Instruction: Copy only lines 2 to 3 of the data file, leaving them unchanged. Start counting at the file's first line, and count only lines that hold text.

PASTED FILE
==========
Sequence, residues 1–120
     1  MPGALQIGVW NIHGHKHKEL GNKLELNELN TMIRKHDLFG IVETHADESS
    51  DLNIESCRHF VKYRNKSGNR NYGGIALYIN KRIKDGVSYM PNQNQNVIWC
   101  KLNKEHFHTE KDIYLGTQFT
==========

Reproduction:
     1  MPGALQIGVW NIHGHKHKEL GNKLELNELN TMIRKHDLFG IVETHADESS
    51  DLNIESCRHF VKYRNKSGNR NYGGIALYIN KRIKDGVSYM PNQNQNVIWC